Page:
I want to discuss the concept of a “Fabre defendant.” This is an important concept in negligence cases, particularly personal injury and property damage cases.
“A ‘Fabre defendant’ is a nonparty defendant whom a party defendant asserts is wholly of partially responsible for the negligence alleged [by the plaintiff].” Salazar v. Helicopter Structural & Maintenance, Inc., 986 So.2d 620, n.1 (Fla.2d DCA 2007).
As further explained in Florida Statute s. 768.81(3):
(3) Apportionment of damages.–In a negligence action, the court shall enter judgment against each party liable on the basis of such party’s percentage of fault and not on the basis of the doctrine of joint and several liability.
(a) 1. In order to allocate any or all fault to a nonparty, a defendant must affirmatively plead the fault of a nonparty and, absent a showing of good cause, identify the nonparty, if known, or describe the nonparty as specifically as practicable, either by motion or in the initial responsive pleading when defenses are first presented, subject to amendment any time before trial in accordance with the Florida Rules of Civil Procedure.
2. In order to allocate any or all fault to a nonparty and include the named or unnamed nonparty on the verdict form for purposes of apportioning damages, a defendant must prove at trial, by a preponderance of the evidence, the fault of the nonparty in causing the plaintiff’s injuries.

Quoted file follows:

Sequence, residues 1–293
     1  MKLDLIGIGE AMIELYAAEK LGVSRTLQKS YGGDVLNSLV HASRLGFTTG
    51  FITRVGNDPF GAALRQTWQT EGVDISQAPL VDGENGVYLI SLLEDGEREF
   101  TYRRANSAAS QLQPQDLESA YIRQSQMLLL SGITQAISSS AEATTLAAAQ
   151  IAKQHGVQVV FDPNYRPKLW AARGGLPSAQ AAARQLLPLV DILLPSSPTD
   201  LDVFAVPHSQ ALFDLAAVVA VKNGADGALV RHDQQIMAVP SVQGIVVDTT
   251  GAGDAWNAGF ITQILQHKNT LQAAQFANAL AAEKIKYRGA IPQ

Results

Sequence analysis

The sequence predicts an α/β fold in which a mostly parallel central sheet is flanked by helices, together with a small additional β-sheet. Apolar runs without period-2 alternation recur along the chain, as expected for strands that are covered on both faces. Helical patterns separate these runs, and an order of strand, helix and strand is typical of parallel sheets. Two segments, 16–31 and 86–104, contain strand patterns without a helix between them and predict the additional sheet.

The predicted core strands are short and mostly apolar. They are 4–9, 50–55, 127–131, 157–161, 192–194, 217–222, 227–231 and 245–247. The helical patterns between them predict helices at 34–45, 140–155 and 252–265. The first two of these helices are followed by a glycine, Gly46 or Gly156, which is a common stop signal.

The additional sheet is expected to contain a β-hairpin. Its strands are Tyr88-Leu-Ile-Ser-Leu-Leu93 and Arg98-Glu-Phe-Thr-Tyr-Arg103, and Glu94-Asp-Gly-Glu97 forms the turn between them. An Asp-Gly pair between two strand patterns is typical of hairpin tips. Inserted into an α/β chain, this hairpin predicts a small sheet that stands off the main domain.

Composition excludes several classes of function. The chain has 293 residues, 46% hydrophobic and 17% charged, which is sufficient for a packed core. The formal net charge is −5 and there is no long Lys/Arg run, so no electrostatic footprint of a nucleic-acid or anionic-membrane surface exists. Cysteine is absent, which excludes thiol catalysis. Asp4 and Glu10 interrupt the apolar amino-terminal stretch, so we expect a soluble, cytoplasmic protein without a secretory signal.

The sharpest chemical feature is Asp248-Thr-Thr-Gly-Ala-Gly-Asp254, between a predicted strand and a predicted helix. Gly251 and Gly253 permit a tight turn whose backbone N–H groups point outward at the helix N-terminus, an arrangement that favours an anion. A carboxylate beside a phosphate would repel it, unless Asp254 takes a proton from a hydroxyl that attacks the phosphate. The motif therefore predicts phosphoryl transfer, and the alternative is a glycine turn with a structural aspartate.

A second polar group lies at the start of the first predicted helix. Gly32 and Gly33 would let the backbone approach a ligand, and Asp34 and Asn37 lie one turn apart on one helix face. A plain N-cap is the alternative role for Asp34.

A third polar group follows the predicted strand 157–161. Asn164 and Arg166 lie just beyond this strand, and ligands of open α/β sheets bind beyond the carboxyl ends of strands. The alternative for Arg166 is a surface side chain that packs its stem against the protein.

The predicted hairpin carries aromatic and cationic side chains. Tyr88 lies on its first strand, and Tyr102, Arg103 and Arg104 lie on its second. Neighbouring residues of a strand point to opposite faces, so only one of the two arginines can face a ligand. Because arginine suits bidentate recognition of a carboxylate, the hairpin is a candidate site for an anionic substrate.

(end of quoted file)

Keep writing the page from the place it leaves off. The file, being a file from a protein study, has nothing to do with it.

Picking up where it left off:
This means in order to allocate fault to a Fabre defendant (a nonparty) the named defendant must a) plead the fault of the nonparty and identify the nonparty in an affirmative defense, and, importantly b) prove at trial by a preponderance of evidence the fault of the nonparty (the Fabre defendant) causing plaintiff’s injuries in order to get that nonparty on the verdict form for purposes of having the jury allocate damages to the nonparty.
Simply identifying the nonparty in an affirmative defense is not good enough. The burden of proof is on the named defendant to prove the nonparty’s negligence at trial to get that nonparty on the verdict form as a Fabre defendant. R.J. Reynolds Tobacco Company v. Grossman, 96 So.3d 917, 919-20 (Fla. 4th DCA 2012) (nonparty Fabre defendant may not be included on verdict form until defendant proves nonparty’s negligence at trial) . However, a named defendant cannot rely on the vicarious liability of a nonparty to prove that nonparty’s fault in order to get that nonparty identified on the verdict form. See Nash v. Wells Fargo Guard Services, Inc., 678 So.2d 1262, 1263 (Fla. 1996) (security company could not name hospital that hired it as Fabre defendant since hospital would only be vicariously liable based on the negligence of the security company).
Please contact David Adelstein at email@example.com or (954) 361-4720 if you have questions or would like more information regarding this article. You can follow David Adelstein on Twitter @DavidAdelstein1.